As you may know, on markets like this where the creator is inactive, a panel of three moderators is convened to decide on the resolution. Our job is to do our best to come up with what the creator would have resolved this market as. This job is a bit tricky, since we have to analyze everything that the creator has said about the market, in the title, description, and comments, and there was a lot of things said about this market, many of which were conflicting or ambiguous!

There are some AI tools that would clearly make this market resolve YES if they worked and were used commercially, because they are able to work off of something like a ticket and produce a merge request on a repository. For example, DevGPT, Sweep, and Codegen. However:

  • DevGPT has no public evidence that it has been used successfully, with some evidence on the internet that it is doesn't work or is a scam

  • Sweep was used some on some public Github repositories, but all of the commercial companies that tried it seem to have stopped using it after a very brief usage in which it didn't work successfully

  • Codegen also has no public evidence that it has been used other than tweets from the CEO

There are also some tools that definitely work but are questionable about whether they count. The biggest one in this space seems to be Aider. I personally tried out Aider, and it's certainly a very useful tool. However, Alex Mizrahi stated that "Tools like Copilot do not count - they are designed to help a programmer to write code, not to replace a programmer." So the question is, is Aider a tool like Copilot, or is it something that replaces a programmer? This is a question that ultimately winds up being subjective to some extent. It doesn't operate entirely independently in the way that the other three tools did, but it also goes much further than Copilot, since it is able to find a file in a repository, make changes to it, and then commit those changes.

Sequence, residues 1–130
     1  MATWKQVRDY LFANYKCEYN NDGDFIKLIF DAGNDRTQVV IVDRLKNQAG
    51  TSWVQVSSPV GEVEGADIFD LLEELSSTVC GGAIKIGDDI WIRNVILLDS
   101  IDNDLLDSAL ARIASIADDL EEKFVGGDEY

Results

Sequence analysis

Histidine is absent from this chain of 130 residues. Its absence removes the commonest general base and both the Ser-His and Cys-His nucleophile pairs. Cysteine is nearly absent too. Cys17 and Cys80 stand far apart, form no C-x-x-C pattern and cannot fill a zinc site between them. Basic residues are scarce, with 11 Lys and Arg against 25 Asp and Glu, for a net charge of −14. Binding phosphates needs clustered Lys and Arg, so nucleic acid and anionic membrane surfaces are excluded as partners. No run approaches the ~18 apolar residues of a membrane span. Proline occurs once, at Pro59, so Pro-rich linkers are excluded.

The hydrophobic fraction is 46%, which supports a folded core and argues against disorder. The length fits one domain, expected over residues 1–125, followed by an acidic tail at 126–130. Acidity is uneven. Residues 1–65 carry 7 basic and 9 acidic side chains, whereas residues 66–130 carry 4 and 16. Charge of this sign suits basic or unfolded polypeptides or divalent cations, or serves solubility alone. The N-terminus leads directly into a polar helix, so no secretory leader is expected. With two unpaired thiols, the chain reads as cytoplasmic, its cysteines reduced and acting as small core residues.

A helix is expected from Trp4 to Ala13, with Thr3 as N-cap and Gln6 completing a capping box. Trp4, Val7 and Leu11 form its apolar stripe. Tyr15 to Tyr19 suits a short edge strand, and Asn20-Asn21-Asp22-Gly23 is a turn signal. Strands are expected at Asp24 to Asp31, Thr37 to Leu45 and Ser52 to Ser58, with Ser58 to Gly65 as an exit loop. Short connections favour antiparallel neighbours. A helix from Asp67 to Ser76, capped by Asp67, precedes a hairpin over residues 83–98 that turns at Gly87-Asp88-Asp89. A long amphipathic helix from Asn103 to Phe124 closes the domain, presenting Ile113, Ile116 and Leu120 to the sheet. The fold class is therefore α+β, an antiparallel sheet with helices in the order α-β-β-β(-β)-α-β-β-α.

After lengthy back and forth and reading everything written here, two of the three moderators voted to resolve the market as N/A and the third moderator voted to resolve the market as NO. Since this vote required unanimous agreement, we then have to resort to the fallback option of just resolving the market to N/A.

If Alex returns to Manifold, we encourage him to re-resolve the market in the direction that he thinks is correct. If he would like to do so, he can contact any moderator and have them re-resolve the market per his request.

While I disagree about the outcome, I am satisfied and impressed with the effort and process the mods went through to reach it.

Thanks @Gabrielle!

I’m very much biased, but I’d argue that Devin is the only thing I’ve seen which fits the criteria and it was released in 2024. This should result in a NO.

@Putcallparity most of the discussion is done on discord. You can go there to see why YES is also a valid result.

Why is this question not resolved yet?

@Metastable @AlexMizrahi Can you resolve this question?

@Metastable He is unresponsive.

mods are working on it, it'll take a bit probably

I have no stake here but I wanted to offer an opinion. This market should definitely be N/Aed. It's a subjective market, with an absent creator and a lack of consensus. It's a classic case for ambiguous markets that require N/A.

It's pretty easy for come up with interpretations of "used commercially" and "ai agents" that either have been fulfilled or haven't. Plenty of digital ink has been spilled in the comments below on which interpretation is most correct, but there is still no consensus. Haven't seen much more obvious cases for N/A

@Shump It may end up like This Market and end up being put up to a random mod panel. Not 100% sure, but seems likely.

@AlexMizrahi
Where are we at with this?